As the school year comes to a close, many school officials must unfortunately consider program closures for the 2014-2015 school year. You are reminded that great care must be taken before eliminating a special education program, no matter how costly.
The U.S. Department of Education’s Office for Civil Rights (“OCR”) recently investigated allegations that a Michigan school district’s closure of its program for students with emotional impairments violated Section 504 of the Rehabilitation Act. The complaint alleged that the district’s budgetary considerations, instead of the needs of the individual students, drove the decision to close the program. The complaint also alleged that some students who were displaced by the program’s closure were not appropriately placed in comparable programs because those programs were at capacity.
The district entered into a voluntary resolution agreement with OCR and agreed to: (1) review student files for every student with a disability to determine whether the student’s past and present placements were appropriate; (2) hold new IEP team meetings and to reevaluate students who may not be appropriately placed; and (3) review and revise its policies and conduct staff training.
Although the voluntary resolution is not an admission of liability and is not binding on other districts, a review of its terms offers insight into what OCR considers when investigating complaints related to program closures. Section 504’s implementing regulations require that districts provide a free appropriate public education (FAPE) to each qualified student with a disability. The Individuals with Disabilities Education Act has similar requirements. Both Section 504 and the IDEA require that districts determine a FAPE based on the individual needs of each student. “Budgetary considerations” and “administrative convenience” typically are not viewed by OCR as acceptable reasons to reduce or eliminate services for students with disabilities.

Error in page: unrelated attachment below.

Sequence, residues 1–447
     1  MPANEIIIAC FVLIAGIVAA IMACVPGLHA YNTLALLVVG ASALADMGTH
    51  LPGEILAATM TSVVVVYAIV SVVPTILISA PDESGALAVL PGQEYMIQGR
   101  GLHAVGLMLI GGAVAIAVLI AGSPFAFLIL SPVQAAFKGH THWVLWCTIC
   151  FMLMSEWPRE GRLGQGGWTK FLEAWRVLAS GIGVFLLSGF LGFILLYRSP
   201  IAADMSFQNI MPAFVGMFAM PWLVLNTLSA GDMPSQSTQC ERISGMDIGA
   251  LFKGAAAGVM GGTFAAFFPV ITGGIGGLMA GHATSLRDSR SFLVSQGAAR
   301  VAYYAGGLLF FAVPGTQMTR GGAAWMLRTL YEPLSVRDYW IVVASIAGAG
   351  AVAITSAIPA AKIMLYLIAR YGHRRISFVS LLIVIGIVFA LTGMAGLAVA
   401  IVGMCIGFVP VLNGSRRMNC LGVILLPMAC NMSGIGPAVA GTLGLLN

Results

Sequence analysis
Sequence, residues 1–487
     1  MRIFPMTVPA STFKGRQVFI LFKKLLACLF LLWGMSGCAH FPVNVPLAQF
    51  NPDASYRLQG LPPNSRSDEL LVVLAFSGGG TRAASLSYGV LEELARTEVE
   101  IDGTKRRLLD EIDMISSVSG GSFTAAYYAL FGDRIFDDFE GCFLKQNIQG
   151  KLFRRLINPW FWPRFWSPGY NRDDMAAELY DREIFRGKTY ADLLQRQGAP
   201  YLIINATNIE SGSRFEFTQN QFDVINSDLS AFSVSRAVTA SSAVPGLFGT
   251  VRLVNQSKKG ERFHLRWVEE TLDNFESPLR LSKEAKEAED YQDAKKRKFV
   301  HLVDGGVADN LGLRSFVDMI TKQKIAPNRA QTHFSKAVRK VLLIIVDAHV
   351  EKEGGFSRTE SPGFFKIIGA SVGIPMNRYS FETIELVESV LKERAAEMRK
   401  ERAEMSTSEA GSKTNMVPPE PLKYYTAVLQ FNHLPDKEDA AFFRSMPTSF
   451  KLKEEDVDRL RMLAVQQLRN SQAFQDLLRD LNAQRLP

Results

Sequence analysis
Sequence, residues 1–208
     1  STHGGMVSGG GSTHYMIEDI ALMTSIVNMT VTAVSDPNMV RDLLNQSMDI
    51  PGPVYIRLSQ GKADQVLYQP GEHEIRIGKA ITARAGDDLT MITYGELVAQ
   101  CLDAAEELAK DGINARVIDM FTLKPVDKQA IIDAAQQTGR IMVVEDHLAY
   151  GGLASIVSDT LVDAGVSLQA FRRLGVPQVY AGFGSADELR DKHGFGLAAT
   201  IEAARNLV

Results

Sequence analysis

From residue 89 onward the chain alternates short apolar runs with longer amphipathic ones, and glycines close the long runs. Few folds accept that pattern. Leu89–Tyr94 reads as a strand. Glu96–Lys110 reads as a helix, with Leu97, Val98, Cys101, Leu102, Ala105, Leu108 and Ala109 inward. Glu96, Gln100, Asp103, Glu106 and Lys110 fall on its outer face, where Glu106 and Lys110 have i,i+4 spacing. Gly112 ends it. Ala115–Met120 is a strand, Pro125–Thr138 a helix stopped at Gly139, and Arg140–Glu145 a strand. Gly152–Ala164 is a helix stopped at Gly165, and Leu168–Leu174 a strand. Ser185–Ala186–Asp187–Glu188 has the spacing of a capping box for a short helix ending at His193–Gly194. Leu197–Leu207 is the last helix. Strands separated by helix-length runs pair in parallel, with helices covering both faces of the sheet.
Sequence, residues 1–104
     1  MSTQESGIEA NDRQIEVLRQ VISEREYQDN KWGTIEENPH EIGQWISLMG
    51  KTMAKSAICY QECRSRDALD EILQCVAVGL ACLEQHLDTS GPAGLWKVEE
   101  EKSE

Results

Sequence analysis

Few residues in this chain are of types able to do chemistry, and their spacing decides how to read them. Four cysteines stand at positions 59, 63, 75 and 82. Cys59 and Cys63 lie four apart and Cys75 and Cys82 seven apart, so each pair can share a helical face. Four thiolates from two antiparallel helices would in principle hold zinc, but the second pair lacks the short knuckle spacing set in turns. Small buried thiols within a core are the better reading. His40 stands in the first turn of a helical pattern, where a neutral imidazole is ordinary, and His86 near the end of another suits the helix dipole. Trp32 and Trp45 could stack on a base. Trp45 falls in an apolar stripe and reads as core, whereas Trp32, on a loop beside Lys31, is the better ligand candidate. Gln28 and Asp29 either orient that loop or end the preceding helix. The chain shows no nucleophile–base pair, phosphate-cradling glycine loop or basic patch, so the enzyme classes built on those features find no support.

Before closing a program for students with disabilities, school officials first must determine whether each student in the program can still receive a FAPE in another program. It is unlikely that a “one size fits all” approach would be acceptable to OCR. Rather, districts should reconvene each student’s IEP team so that the team can make a determination whether another program would provide a FAPE.
A similar analysis is required when districts reduce or eliminate services or service providers for students with disabilities. For example, if a district decides to eliminate an occupational therapist position, the district must consider the impact on all students currently receiving OT services and whether each student will still receive a FAPE if a position is eliminated. If a district has students who will not receive a FAPE without that OT position, eliminating the position could expose the school to liability.
Districts considering reducing or eliminating programs or services for students with disabilities must ensure that students currently receiving the benefits of those programs or services can still receive a FAPE in another program or placement. Failure to make individualized determinations may result in liability and require corrective action. Convening IEP team meetings for all affected students before reduction or elimination of programs or services will greatly reduce the district’s exposure to liability.